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Magnifying Glass

Kids today are very sophisticated and somewhat spoiled. It takes a lot to excite and entertain them. When I was young a boy with a magnifying glass was the center of attraction. He would gather his friends, get a piece of paper and focus the beam of bright sunlight through the looking glass until it was concentrated on one tiny spot. Seconds later the paper would start to burn and his friends would shower him with accolades as if he had just hit a game winning home run.

The boy's great feat was really not so difficult. It was merely a matter of concentration of the power of the sun to one spot. One of the problems many of us have is that with the multitude of ''time-saving'' devices and our multi-task responsibilities we can't focus our energy on the ''spot'' where it will be most effective. The effect is that we begin to pile up a list of ''unfinished business'' and incomplete projects until our ''to do'' list becomes overwhelming and meaningless.

The trick to success is to focus your limitless energy on the task at hand. When you are reading you shouldn't listen to the radio and when you are eating you should not be reading. Whenever you are involved in something do" IT" to the exclusion of all other distractions that come your way. Turn off our electronic interrupters when praying, working on a project or having a serious conversation.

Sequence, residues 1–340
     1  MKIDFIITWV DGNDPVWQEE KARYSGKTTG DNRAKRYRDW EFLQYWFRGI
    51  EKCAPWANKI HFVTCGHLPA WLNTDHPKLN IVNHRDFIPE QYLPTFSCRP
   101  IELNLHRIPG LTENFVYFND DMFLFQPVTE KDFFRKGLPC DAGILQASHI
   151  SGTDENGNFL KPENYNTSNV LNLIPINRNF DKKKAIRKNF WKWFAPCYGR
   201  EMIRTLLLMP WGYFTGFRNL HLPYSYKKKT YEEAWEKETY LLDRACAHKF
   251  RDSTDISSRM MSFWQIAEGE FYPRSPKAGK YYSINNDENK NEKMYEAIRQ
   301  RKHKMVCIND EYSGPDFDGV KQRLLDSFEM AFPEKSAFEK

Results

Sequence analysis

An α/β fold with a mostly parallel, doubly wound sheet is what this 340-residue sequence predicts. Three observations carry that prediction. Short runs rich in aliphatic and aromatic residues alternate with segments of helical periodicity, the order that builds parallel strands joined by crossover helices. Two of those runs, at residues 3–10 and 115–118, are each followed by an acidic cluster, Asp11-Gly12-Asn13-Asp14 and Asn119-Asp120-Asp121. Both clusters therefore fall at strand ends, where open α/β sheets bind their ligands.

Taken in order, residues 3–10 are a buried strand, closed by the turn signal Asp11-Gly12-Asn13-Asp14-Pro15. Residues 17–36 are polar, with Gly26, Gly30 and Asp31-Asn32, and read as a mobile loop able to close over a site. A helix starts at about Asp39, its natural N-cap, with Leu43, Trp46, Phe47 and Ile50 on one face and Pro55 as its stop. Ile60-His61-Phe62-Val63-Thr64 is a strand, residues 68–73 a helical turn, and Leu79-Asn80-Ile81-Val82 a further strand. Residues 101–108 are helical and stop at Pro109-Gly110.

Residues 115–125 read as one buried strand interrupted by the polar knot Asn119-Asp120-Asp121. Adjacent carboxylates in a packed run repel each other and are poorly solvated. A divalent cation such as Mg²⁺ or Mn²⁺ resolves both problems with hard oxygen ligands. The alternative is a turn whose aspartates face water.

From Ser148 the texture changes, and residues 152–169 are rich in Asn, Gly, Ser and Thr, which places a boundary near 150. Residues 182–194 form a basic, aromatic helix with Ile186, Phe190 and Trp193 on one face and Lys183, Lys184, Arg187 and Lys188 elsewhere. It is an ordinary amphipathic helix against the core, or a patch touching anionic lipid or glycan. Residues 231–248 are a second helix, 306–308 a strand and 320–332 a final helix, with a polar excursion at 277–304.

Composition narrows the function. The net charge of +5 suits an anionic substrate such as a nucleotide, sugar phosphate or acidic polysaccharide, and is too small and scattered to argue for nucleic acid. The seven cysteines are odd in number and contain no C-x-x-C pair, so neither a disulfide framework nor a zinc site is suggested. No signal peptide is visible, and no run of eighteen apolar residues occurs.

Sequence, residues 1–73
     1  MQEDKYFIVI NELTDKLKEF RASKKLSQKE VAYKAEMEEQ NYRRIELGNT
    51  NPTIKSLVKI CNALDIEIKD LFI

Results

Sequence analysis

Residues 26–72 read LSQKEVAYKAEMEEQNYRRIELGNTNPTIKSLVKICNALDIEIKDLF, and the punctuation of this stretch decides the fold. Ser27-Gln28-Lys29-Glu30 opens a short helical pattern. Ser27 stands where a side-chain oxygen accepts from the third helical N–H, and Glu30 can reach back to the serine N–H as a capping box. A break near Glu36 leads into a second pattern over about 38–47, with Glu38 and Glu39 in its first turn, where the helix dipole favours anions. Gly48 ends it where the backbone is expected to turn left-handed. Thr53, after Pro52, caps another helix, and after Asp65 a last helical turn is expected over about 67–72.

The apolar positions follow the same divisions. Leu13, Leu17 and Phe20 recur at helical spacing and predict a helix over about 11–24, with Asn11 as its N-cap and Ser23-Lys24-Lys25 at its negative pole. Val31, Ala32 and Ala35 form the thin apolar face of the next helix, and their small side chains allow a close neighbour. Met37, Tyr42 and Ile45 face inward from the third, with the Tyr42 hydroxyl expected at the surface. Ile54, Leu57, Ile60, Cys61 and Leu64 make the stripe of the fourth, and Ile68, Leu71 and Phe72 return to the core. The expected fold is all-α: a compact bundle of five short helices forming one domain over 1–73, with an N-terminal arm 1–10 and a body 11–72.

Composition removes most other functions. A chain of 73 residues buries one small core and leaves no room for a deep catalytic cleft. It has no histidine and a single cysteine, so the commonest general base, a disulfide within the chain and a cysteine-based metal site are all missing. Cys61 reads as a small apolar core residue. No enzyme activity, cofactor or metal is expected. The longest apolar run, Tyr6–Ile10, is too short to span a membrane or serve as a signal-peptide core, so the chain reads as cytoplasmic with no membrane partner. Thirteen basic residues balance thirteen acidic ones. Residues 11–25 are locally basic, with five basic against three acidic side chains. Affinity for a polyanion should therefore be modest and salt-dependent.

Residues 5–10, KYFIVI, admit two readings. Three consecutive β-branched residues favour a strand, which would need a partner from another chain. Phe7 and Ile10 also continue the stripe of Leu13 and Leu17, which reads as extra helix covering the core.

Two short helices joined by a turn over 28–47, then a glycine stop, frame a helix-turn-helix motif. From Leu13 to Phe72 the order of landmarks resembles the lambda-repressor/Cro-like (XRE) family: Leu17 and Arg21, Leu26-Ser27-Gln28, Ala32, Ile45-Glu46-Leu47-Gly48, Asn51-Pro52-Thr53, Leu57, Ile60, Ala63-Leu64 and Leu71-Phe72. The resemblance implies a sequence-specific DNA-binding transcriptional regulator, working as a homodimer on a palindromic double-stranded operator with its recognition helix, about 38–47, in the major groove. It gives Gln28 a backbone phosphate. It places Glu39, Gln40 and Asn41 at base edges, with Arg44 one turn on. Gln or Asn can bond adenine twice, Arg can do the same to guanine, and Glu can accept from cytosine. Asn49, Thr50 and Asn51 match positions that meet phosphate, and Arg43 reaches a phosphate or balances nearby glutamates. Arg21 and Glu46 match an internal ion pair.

Today, when you are involved n something and an ''intruder' tries to interrupt--stop. Finish what you're doing--do it well and then you can attend to something else. It is only a matter of focus but it will unleash powers that will enhance your success rate day after day.


It is a Misvah to run when going to synagogue, and to perform other Misvot--even on Shabbat when it is forbidden to run. One should not stop on the way to synagogue to "chat" with a friend about personal matters. Conversely. one should not leave the synagogue in a rush which would indicate that staying in shul is a burden.

[Source Yalkut Yosef siman 90, paragraph 17]


Until the pain of staying the same is greater than the pain of change, we will never change.

Avi Shulman

Text Copyright © 2003 Rabbi Raymond Beyda and Project Genesis, Inc.



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